Lord McAlpine on the BBC: the most unsettling interview of the year

As the frail-sounding Conservative peer spoke, the scale of the wrongs against him became clear.

Lord McAlpine's interview with BBC Radio 4′s World at One made for profoundly unsettling listening. As the frail-sounding Conservative peer spoke ("I've got a very dicky heart," he said), the scale of the wrongs against him became clear. Asked whether Boris Johnson was right to say that to call someone a paedophile is to "consign them to the lowest circle of hell - and while they're still alive", McAlpine replied:

Absolutely. I think it describes pretty much what happened to me in the first few days of this event...it gets in to your bones. It gets into, it makes you angry. And that's extremely bad for you to be angry. And it gets into your soul. You just think there's something wrong with the world.

Paedophiles are "quite rightly figures of public hatred", he said, adding that "to find yourself a figure of public hatred, unjustifiably, is terrifying."

He said that he was seeking compensation from the BBC but that his claim would be tempered by the fact that "this is the licence payer who's going to pay this - not the people who made the programme, not the people who authorised the programme, not the people who told the lie in the first place."

In an interview with the same programme, McAlpine's solicitor Andrew Reid urged those who had named the peer Twitter to come forward in order to avoid prolonged legal action. He said: "What we're basically saying to people is, look, we know - in inverted commas - who you are, we know exactly the extent of what you've done. It's easier to come forward and see us and apologise and arrange to settle with us because, in the long run, this is the cheapest and best way to bring this matter to an end."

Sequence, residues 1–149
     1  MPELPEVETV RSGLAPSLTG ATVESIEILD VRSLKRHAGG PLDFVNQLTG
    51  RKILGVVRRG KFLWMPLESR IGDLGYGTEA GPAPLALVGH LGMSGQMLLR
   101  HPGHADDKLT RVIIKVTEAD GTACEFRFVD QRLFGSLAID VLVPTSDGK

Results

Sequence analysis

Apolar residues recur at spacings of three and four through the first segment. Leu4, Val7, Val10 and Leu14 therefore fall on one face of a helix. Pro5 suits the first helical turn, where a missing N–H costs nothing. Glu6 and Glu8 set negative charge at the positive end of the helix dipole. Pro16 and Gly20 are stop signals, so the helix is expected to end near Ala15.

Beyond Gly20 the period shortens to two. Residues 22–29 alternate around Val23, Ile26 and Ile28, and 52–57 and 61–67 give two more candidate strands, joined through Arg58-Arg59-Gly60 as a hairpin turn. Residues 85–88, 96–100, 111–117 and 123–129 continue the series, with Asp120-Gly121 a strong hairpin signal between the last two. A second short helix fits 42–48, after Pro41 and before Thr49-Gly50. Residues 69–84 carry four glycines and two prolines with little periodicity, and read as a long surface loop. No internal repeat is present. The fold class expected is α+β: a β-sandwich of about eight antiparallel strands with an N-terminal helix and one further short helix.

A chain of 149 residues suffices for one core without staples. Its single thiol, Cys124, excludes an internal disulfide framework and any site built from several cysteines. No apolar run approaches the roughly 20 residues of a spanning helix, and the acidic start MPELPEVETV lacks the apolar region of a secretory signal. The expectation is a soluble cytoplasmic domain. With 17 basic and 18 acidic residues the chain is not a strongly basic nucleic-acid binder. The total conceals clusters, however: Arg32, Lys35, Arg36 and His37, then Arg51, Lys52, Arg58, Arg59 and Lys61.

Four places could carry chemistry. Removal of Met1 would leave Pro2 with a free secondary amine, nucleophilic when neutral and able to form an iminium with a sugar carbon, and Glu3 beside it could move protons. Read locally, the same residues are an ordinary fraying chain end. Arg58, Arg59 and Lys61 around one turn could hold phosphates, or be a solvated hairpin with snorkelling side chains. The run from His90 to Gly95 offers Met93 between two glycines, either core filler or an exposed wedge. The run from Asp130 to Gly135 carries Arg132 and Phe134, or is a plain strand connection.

He revealed that he had received two apologies from Guardian columnist George Monbiot (whose "abject apology" to McAlpine can be read here) but had yet to hear from Speaker's wife Sally Bercow, who tweeted: "Why is Lord McAlpine trending? *Innocent face*". He added that legal proceedings would be initiated against her. "She has left us with no choice."

Conservative peer Alistair McAlpine, who was falsely accused of involvement in the north Wales child abuse scandal.

George Eaton is political editor of the New Statesman.

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An alternative Trainspotting script for John Humphrys’ Radio 4 “Choose Life” tribute

Born chippy.

Your mole often has Radio 4’s Today programme babbling away comfortingly in the background while emerging blinking from the burrow. So imagine its horror this morning, when the BBC decided to sully this listening experience with John Humphrys doing the “Choose Life” monologue from Trainspotting.

“I chose not to choose life: I chose something else. And the reasons? There are no reasons. Who needs reasons when you’ve got Radio 4?” he concluded, as a nation cringed.

Introduced as someone who has “taken issue with modernity”, Humphrys launched into the film character Renton’s iconic rant against the banality of modern life.

But Humphrys’ role as in-studio curmudgeon is neither endearing nor amusing to this mole. Often tasked with stories about modern technology and digital culture by supposedly mischievous editors, Humphrys sounds increasingly cranky and ill-informed. It doesn’t exactly make for enlightening interviews. So your mole has tampered with the script. Here’s what he should have said:

“Choose life. Choose a job and then never retire, ever. Choose a career defined by growling and scoffing. Choose crashing the pips three mornings out of five. Choose a fucking long contract. Choose interrupting your co-hosts, politicians, religious leaders and children. Choose sitting across the desk from Justin Webb at 7.20 wondering what you’re doing with your life. Choose confusion about why Thought for the Day is still a thing. Choose hogging political interviews. Choose anxiety about whether Jim Naughtie’s departure means there’s dwindling demand for grouchy old men on flagship political radio shows. Choose a staunch commitment to misunderstanding stories about video games and emoji. Choose doing those stories anyway. Choose turning on the radio and wondering why the fuck you aren’t on on a Sunday morning as well. Choose sitting on that black leather chair hosting mind-numbing spirit-crushing game shows (Mastermind). Choose going over time at the end of it all, pishing your last few seconds on needlessly combative questions, nothing more than an obstacle to that day’s editors being credited. Choose your future. Choose life . . .”

I'm a mole, innit.